Then we’ll get Tweeting!!
  • Here we can see a detail from a great diagram, demonstrating where Twitter can have an impact…
    The big purpose for many is to drive traffic … part of the lifeblood driving traffic back to the heart of your online presence – your blog (we could go more into that, but that’s a different topic!), and I have definitely noticed spikes in traffic back to my blog after posting blog links to Twitter….
    Have a proper look at the diagram to see what it’s possibilities are…
  • Now, the purpose of this session is to enable you guys to feed into the @winchmfs Twitter feed, which has over 100 followers without any real activity, so just imagine what it will be like with lots of activity… similarly SFDO – had 11 followers for months, I came along, started targeted tweeting & targeted following, and soon rose to 900, have not been so active recently, so it plateaued and started to decline in numbers, so a bit of vigorous activity over last 2-3 weeks, and have another 50-60 followers!
    Really can’t be offended if people defollow you – have noticed some who defollow, but then put you in a list, which is even more flattering (we’ll come back to those)!
  • As we said, Twitter should be a mix of useful & personal information (not TOO MUCH INFORMATION please), but this shouldn’t all just be “broadcast” to users – I have made friends with a lot of people online and then met them ‘in person’ later on, and it makes that initial meet-up feel like a seamless conversation – e.g. gave a conference paper over Easter with someone I’d only ever met on Twitter! Also enables me to continue conversations with people I have met at conferences, etc. (as we already have something in common there)
    Twitter works best if you can engage with other users, responding to their Tweets, and thanking them when they Retweet your information…
    So, what are Retweets…
  • Yours will be blank, as you’re not following anyone yet…
  • Essentially, a Retweet is a sign that you like someone else’s message so much that you want YOUR followers to read it – when you RT, it appears in your Twitter Feed… so there can be a snowball effect as your followers can also retweet the information… this can grow exponentially, and even become a trending topic
    2 Examples
    The first is where Lisa, who is following me, has taken my Tweet about preparing for my JISC webinar on Twitter, and retweeted it (RT is a convention), taking the opportunity to add a comment in brackets (using her phone to post the message). This is the preferred way of engaging amongst those ‘in the know’, and existed before Twitter provided the 2nd example last year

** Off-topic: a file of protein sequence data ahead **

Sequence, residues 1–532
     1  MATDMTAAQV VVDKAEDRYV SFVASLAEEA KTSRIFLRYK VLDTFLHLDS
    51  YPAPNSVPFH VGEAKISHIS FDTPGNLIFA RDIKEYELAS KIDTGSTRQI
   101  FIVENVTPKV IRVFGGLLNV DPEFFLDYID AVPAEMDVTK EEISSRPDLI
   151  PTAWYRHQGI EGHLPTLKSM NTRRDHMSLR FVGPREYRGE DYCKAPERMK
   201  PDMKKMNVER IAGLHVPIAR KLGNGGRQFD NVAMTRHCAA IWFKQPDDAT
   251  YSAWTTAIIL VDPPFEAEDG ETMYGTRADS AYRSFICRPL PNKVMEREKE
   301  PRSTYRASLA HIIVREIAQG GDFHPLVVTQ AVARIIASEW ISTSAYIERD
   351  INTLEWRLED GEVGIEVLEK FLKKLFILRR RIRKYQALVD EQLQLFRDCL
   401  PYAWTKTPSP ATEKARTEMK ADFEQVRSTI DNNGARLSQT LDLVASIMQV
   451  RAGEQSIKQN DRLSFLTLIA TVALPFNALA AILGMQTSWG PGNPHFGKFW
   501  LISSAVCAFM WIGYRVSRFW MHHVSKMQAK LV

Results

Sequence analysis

In this example, I am on the web version of Twitter, and have chosen to retweet ‘as is’, which is the option provided by the Twitter ‘Retweet’ button… if not on a 3rd party app, you’ll have to cut & paste!
    We’ll come back to Retweets once we’ve found some followers…
  • Use the hashtag symbol/word within your tweet…
    Follow Friday ( )
    A well established convention, where (on a Friday) users recommend other users they think are worth following
    The etiquette for recommending is somewhat interesting
    A certain amount of you pat my back…
    Seems to be dying off – maybe replaced by lists (we’ll come back to those)
    Invent a Hashtag
    There’s no central register of hashtags, so you just need to do a bit of research before defining one – e.g. a module code may be good to use!
    It counts towards your 140 characters so keep it short.
    Check it’s not already in use (especially if for a porn site… didn’t the BBC get caught out on that the other week?)
    Mutual agreement by users leads to consistent use of the same hashtag
    Issues with Hashtagging?
    Hashtag a hangover from when Twitter was built around mobile phones, so just another convention
    Created by the community using them – so, if not careful, can be 2 groups trying to use the same hashtag.
    How do you find out? Guess? Try “what the hashtag”. Not very effective, so tend to be pre-advertised by events (e.g. #cmn10), or when created by community, start to see a number of friends using the same hashtag, and can then ‘join the conversation’! Just have to ignore irrelevancies who join the conversation (e.g. Habitat famous gaffe).
  • Follow a Story